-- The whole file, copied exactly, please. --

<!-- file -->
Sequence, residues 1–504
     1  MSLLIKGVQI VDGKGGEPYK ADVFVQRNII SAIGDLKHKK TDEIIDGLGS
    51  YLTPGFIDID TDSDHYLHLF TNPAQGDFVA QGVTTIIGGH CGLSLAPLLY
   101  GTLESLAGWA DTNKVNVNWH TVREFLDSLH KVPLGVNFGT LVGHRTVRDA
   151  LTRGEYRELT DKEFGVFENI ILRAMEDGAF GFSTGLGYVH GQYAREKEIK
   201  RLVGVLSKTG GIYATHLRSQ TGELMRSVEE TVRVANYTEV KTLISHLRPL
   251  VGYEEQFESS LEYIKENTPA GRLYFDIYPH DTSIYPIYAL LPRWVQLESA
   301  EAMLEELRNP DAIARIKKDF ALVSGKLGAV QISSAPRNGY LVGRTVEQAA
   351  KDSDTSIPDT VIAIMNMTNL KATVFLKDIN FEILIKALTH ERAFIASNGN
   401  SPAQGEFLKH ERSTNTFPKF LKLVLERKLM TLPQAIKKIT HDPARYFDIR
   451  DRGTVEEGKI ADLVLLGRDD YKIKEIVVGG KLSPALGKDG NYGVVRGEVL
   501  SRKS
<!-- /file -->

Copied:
Sequence, residues 1–504
     1  MSLLIKGVQI VDGKGGEPYK ADVFVQRNII SAIGDLKHKK TDEIIDGLGS
    51  YLTPGFIDID TDSDHYLHLF TNPAQGDFVA QGVTTIIGGH CGLSLAPLLY
   101  GTLESLAGWA DTNKVNVNWH TVREFLDSLH KVPLGVNFGT LVGHRTVRDA
   151  LTRGEYRELT DKEFGVFENI ILRAMEDGAF GFSTGLGYVH GQYAREKEIK
   201  RLVGVLSKTG GIYATHLRSQ TGELMRSVEE TVRVANYTEV KTLISHLRPL
   251  VGYEEQFESS LEYIKENTPA GRLYFDIYPH DTSIYPIYAL LPRWVQLESA
   301  EAMLEELRNP DAIARIKKDF ALVSGKLGAV QISSAPRNGY LVGRTVEQAA
   351  KDSDTSIPDT VIAIMNMTNL KATVFLKDIN FEILIKALTH ERAFIASNGN
   401  SPAQGEFLKH ERSTNTFPKF LKLVLERKLM TLPQAIKKIT HDPARYFDIR
   451  DRGTVEEGKI ADLVLLGRDD YKIKEIVVGG KLSPALGKDG NYGVVRGEVL
   501  SRKS